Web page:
Seattle Water System -- A Slideshow

  • By Kit Oldham
  • Posted 4/14/2010
  • Essay 9386

Henry Yesler and other early settlers built Seattle's first water systems using open wooden flumes, and later pipes consisting of hand-bored logs, to carry water from springs in the slopes above downtown to the small settlement on Elliott Bay. In the 1880s private companies developed more extensive systems, pumping water from Lake Washington and Lake Union to small reservoirs and tanks that served the growing city. By then, Mayor Robert Moran and others were urging construction of a gravity supply system using the abundant water of the Cedar River, whose watershed stretches into the Cascade Mountains east and south of Seattle.

Shortly after the Great Fire of 1889, during which private systems failed to supply adequate water for firefighting, Seattleites voted overwhelmingly in favor of building the Cedar River system. Seattle's Water Department came into being in 1890, when the city acquired the Spring Hill Water Company, which pumped water from Lake Washington. It took a Supreme Court decision and another, much closer vote in favor of a publicly owned system before construction began on a pipeline from the Cedar River at Landsburg, where an intake dam was built, to the city. In 1901, the first Cedar River water flowed into new reservoirs at Volunteer and Lincoln (now Cal Anderson) parks.

With Seattle growing rapidly, and tens of thousands of visitors coming to town for the Alaska-Yukon-Pacific Exposition, a larger second Cedar River pipeline nearly tripled the system's delivery capacity in 1909. Two years later two "Green Lake" reservoirs (now Maple Leaf and Roosevelt) and twin Beacon Hill reservoirs opened.

The abundant supply from the two Cedar River pipelines supported Seattle's own continuing growth through immigration and annexation and allowed the city to supply water to an increasing number of water systems outside its limits. In the early decades of the twentieth century, huge quantities of "surplus" water were also used to sluice down Denny Hill and large chunks of Beacon Hill in massive regrading projects.

In the 1910s, construction of the Masonry Dam in the Cedar River gorge increased the storage capacity of Cedar (now Chester Morse) Lake, but the project was plagued from the start by seepage through the morainal fill on the north side of the gorge. Water seeping through the moraine raised Rattlesnake Lake and slowly flooded the town of Moncton; water also reached Boxley Creek, where heavy rains and a washout near the dam triggered the "Boxley Burst," a catastrophic flood that destroyed the town of Edgewick.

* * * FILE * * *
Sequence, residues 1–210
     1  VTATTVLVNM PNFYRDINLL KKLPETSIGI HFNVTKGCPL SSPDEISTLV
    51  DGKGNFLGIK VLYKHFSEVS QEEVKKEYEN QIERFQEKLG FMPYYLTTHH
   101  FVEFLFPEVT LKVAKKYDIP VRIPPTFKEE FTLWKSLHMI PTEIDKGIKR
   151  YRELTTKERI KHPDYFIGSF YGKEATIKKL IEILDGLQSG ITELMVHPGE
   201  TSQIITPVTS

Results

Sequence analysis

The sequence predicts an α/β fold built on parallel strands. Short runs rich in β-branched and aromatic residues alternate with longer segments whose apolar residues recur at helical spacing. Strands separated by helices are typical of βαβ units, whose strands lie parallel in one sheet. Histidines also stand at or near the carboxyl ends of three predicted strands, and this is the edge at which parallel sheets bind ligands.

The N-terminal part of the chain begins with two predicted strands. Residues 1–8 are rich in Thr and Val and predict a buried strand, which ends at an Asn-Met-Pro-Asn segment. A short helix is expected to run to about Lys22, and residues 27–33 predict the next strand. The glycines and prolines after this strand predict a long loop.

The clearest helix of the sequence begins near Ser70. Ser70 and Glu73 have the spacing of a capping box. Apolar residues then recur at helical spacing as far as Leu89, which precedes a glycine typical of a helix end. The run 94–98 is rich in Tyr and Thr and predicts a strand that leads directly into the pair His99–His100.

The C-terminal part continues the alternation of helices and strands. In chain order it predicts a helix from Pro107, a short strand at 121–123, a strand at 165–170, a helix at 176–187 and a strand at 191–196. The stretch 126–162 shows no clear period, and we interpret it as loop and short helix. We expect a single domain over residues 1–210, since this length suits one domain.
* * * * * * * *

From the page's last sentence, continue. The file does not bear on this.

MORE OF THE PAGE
Over the years, the City bought up land in the Cedar River watershed in order to protect water quality by eliminating residence and most human activity in the watershed. However, the City could not afford timbered land, so logging was allowed to continue. A 1924 report by University of Washington forestry school dean Hugo Winkenwerder and graduate student Allen E. Thompson found that the private logging operations and the fires that followed in their wake were ruining the watershed, and recommended a program of reforestation and sustained yield forest management. Thompson was hired as city forester to implement the program and supervised watershed forests for the next 40 years.

The third Cedar River pipeline began delivering water in 1923. Over the next several years Lake Youngs (named for Superintendent L. B. Youngs, who headed the Water Department for 28 years until his death in 1923) was developed as a storage reservoir with a control works at Molasses Creek at the lake's outflow, where automatic chlorinators replaced early manually operated machines that had been used at the Landsburg intake.

During the 1930s, City plans to construct a City-owned water main north of the existing city limits at 85th Street were opposed by a private company that hoped to develop a water supply from the Tolt River to serve that area. Voters in the area preferred the city plan and the private company dissolved. Within a few years, Seattle applied for and received water rights on the North and South Forks of the Tolt River as a potential addition to the Cedar River supply.

In 1944, a report by the Cedar River Watershed Commission called for improvements in water quality practices and the U.S. Public Health Service established new national potable water standards and tests to enforce those standards. In response, the City Council placed full responsiblity for water quality (previously shared with the Health Department) on the Water Department, created a sanitary division and testing laboratory within the department, and required chlorination at city reservoirs (in addition to the control works).

The fourth Cedar River Pipeline, providing a direct supply to the Bow Lake Reservoir that served Seattle Tacoma International Airport and vicinity, was completed in 1954. Three years later, the East Side Water Supply line was finished, allowing the Water Department to supply Mercer Island and nearby areas on the east side of Lake Washington for the first time.